The above quote talks about “hedonic compensation” — if you deprive yourself something you seek it elsewhere, you want it more. While I was cutting out junk food from diet, I wasn’t DENYING myself treats entirely. Like I’ve written about many times before, living a life in moderation is what helped me STAY SANE while I lost 110 pounds. I never felt like I was denying myself things I wanted because I ate certain things in moderation. After I lost the weight I continued with that method and it worked. For 7 years I kept the weight off.

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Now let’s talk about exercise. So many people have told me that they wished they could lose weight but they hate exercising. (5% of Americans Exercise Daily) I think if you rename it and not look at exercise as a punishment you won’t dread it. Here are a few posts I wrote awhile ago about this topic:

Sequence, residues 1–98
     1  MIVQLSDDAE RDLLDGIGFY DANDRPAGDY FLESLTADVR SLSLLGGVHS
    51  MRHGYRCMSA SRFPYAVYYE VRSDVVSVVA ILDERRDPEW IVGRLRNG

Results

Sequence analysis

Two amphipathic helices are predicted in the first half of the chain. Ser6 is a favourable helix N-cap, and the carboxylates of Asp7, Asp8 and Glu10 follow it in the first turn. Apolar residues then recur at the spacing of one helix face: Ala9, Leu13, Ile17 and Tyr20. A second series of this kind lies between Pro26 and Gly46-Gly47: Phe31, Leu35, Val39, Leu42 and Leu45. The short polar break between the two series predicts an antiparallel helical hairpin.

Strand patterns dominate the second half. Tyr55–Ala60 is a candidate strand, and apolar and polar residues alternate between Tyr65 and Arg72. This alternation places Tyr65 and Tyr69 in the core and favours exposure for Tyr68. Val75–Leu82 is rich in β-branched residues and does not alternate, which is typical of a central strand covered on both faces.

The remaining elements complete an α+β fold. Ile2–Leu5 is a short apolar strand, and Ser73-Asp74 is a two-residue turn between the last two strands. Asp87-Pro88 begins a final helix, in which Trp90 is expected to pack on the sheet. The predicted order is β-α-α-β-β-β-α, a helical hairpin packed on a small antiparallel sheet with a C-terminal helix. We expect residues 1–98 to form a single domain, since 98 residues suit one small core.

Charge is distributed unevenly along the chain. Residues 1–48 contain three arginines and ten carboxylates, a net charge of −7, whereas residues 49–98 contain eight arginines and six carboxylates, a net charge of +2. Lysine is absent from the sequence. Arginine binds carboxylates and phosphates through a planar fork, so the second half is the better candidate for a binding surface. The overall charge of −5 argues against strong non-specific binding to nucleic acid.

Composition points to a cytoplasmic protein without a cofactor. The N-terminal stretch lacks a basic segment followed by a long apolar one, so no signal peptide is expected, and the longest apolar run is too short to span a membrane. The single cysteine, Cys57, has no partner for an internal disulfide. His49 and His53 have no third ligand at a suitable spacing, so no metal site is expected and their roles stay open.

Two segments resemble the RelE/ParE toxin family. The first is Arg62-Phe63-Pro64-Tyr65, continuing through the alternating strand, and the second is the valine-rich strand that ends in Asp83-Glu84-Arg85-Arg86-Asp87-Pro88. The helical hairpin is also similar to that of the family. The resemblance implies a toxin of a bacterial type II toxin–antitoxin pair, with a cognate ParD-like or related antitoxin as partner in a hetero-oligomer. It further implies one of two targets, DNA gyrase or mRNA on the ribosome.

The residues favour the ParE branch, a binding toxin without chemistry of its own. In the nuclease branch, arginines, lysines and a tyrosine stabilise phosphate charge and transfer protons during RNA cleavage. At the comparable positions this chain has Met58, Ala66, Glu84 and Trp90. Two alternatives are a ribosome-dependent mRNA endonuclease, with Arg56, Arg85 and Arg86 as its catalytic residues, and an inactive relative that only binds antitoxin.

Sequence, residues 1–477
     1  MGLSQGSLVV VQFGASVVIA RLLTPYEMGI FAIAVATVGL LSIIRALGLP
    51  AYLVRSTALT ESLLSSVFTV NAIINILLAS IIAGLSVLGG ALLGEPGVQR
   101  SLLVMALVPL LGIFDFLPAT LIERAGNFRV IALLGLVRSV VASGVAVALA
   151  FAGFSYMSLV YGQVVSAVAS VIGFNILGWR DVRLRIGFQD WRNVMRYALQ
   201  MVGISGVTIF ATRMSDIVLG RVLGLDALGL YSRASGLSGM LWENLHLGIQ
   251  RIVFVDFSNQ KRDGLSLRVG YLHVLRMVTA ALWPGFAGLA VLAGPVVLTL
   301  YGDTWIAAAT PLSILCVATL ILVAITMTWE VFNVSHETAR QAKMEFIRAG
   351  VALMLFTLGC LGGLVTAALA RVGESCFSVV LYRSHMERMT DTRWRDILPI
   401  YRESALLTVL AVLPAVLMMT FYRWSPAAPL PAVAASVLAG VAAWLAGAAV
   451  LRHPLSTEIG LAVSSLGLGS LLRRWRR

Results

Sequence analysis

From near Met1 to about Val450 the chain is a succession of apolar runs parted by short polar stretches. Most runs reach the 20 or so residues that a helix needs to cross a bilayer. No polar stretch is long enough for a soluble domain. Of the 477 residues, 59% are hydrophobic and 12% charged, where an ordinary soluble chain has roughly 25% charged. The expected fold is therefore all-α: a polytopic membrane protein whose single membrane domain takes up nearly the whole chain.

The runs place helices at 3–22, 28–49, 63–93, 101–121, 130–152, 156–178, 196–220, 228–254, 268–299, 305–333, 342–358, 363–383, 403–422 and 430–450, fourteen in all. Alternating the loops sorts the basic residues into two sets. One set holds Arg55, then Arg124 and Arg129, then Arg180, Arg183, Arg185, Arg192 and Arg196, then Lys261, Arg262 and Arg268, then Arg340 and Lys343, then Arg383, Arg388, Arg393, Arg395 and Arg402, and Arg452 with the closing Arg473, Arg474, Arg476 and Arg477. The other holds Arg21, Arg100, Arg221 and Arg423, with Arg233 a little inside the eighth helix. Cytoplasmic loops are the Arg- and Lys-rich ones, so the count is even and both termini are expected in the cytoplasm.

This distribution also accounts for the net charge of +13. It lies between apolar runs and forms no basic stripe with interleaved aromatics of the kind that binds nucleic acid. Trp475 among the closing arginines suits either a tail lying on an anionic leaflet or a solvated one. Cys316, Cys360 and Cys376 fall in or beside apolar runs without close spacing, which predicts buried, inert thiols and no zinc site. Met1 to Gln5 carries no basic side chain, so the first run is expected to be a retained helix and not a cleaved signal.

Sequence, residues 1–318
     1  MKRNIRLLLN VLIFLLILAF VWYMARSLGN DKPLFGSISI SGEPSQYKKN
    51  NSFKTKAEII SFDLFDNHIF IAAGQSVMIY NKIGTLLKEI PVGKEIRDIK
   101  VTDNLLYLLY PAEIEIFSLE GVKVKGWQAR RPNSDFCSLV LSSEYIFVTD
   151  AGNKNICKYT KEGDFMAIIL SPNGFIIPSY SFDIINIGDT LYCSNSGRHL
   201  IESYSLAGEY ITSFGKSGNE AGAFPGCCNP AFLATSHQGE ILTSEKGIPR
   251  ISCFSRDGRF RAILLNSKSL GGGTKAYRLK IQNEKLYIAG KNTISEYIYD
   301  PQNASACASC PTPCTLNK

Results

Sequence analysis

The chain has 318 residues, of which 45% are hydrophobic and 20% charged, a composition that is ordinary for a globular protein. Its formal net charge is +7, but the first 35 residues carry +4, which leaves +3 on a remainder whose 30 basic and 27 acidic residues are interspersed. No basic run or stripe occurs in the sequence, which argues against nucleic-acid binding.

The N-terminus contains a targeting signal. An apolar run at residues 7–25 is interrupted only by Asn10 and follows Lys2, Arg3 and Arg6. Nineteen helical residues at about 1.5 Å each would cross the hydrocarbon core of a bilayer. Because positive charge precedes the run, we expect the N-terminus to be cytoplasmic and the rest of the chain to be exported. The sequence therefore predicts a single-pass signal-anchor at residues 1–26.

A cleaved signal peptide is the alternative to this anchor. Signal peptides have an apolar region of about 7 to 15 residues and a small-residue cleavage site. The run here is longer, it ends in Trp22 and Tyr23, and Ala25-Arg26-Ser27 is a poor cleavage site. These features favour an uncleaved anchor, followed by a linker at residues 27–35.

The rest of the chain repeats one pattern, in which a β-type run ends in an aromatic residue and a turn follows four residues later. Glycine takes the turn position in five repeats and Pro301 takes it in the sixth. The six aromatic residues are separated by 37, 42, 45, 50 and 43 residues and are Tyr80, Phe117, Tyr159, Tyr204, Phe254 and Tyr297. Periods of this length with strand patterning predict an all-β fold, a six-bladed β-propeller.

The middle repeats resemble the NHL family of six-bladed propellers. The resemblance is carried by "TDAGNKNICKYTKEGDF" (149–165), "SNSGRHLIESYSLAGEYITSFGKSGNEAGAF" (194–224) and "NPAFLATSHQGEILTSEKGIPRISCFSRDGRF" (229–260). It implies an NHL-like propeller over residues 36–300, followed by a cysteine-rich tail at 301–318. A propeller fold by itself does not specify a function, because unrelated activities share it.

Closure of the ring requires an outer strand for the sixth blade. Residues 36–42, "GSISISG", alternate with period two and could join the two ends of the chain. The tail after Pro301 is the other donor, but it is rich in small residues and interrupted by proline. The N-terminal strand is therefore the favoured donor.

I Hate Going to the Gym

How to Exercise Regularly

Learn To Love It

Overcoming Exercise Obstacles

Too Busy to Exercise

I think the biggest mistake people make when starting to work out is this: they pick something they don’t inherently enjoy. If you pick an activity you don’t enjoy, force yourself to do it, hate every minute of the activity, you start to think “I’ll reward myself for this workout with ____!” Pizza, ice cream, whatever! Fill in the blank. It’s easy to sabotage your efforts with a “I deserve this! I worked out!”

If you hate running, don’t run. Start with walking. If you hate the treadmill, join a running group at a local running store–they are usually free and super fun! And running outside is so much better than being stuck running in place.

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Try the elliptical. If you have aches and pains in your body and it hurts to work out, try swimming. Trust me, when you are overweight or obese and your body hurts, swimming is AMAZING.